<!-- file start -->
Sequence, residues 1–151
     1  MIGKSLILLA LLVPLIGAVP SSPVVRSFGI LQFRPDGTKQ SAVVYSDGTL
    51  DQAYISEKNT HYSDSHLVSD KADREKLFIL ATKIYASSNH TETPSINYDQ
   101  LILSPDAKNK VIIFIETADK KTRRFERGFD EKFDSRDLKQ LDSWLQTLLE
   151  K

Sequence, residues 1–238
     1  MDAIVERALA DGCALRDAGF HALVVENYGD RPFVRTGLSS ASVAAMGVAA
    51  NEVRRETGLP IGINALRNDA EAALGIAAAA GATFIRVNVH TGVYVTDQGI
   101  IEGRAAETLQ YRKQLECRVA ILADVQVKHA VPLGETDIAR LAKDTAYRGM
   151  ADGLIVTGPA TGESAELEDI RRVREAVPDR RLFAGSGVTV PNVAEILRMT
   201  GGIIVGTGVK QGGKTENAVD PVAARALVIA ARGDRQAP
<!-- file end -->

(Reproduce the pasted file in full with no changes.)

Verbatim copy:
Sequence, residues 1–151
     1  MIGKSLILLA LLVPLIGAVP SSPVVRSFGI LQFRPDGTKQ SAVVYSDGTL
    51  DQAYISEKNT HYSDSHLVSD KADREKLFIL ATKIYASSNH TETPSINYDQ
   101  LILSPDAKNK VIIFIETADK KTRRFERGFD EKFDSRDLKQ LDSWLQTLLE
   151  K

Sequence, residues 1–238
     1  MDAIVERALA DGCALRDAGF HALVVENYGD RPFVRTGLSS ASVAAMGVAA
    51  NEVRRETGLP IGINALRNDA EAALGIAAAA GATFIRVNVH TGVYVTDQGI
   101  IEGRAAETLQ YRKQLECRVA ILADVQVKHA VPLGETDIAR LAKDTAYRGM
   151  ADGLIVTGPA TGESAELEDI RRVREAVPDR RLFAGSGVTV PNVAEILRMT
   201  GGIIVGTGVK QGGKTENAVD PVAARALVIA ARGDRQAP